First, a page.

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Many cat mums and dads are always scrambling to learn more about how their babies’ minds work. Dogs were domesticated anytime between 18,800 – 32,100 years ago with cats being domesticated about 10,000 years ago. We share a lot more of our history with dogs rather than cats and so it is understandable that we know more about dogs than we do cats, but this doesn’t mean we’re clueless about cats.Let us look at five facts about cats to better understand how they interpret the world.
- Cats are great body language readers – Cats don’t do too well when it comes to understanding the words you and your friends use to communicate with each other. However, they are much better at understanding your body language. Researchers have shown that cats can understand human pointing gestures and will actually use said pointing gestures to find food.
- Cats understand “object permanence” – When an object goes out of sight, i.e. is placed behind something else or put away, human beings know that it has just been hidden and still exists. This is called object permanence.It seems like a basic concept, but you’d be surprised by how many other animals fail to understand it. Cats are also known to demonstrate object permanence. This is very easy to see for yourself. If you’ve ever seen your cat chase a mouse or toy underneath a piece of furniture and wait for the mouse or toy to reemerge, the cat is displaying object permanence. The cat would not wait for the mouse or toy if it believed that the mouse or toy had stopped existing.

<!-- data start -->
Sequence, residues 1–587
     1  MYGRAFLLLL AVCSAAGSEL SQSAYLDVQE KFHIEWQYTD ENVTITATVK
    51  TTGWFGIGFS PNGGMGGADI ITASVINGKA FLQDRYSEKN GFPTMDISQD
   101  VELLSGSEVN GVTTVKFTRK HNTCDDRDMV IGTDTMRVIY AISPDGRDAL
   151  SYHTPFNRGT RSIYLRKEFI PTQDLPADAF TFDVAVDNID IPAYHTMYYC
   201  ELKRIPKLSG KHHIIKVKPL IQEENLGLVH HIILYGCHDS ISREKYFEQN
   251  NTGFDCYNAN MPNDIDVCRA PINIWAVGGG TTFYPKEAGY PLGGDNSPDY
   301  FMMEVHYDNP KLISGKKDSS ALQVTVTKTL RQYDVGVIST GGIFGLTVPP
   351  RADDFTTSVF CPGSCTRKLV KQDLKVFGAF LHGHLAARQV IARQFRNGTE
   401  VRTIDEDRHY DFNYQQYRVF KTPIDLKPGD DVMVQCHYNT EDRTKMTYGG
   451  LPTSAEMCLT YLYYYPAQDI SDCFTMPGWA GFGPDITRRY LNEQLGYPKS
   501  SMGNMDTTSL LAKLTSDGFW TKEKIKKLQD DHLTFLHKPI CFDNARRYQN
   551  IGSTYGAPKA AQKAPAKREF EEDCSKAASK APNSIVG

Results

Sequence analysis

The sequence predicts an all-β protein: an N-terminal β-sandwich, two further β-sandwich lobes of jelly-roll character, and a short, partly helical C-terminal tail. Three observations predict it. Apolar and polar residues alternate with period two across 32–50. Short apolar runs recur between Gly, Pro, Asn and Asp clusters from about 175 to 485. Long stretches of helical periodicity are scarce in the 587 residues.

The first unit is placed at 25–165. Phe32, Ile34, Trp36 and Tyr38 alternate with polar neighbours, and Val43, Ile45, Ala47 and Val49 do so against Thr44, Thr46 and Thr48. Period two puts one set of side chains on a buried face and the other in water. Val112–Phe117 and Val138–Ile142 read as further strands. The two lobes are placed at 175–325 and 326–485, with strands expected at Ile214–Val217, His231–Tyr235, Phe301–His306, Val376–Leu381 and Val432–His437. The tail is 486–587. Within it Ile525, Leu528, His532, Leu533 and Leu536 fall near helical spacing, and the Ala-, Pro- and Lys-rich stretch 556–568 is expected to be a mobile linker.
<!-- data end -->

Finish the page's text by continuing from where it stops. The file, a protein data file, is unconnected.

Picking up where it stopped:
- Cats can learn and remember – This is a point which has been debated long and hard by many people. Dr. Jill Sackman, head of behavior medicine service at BluePearl Veterinary Partners has said that cats have a working memory of about 30 seconds. They also have displayed long-term memory which is why many cat mums and dads are greeted by their cats after a week long vacation.
- Cats can be trained – Many people have a misconception that only dogs can be trained whereas cats cannot be trained. This is false, cats can be trained. Sackman has said that the key is to understand what motivates your cat and to go from there.
- Cats smoke iPads’ in terms of processing and storage – An iPad has about 60 GB of storage and can do about 170 million operations per second. This is painfully slow when compared to a cat which has 91,000 GB of space and can process 6.1 trillion calculations per second.
More research needs to be done on our feline friends to help us understand them better. Like it or not, they are here to stay.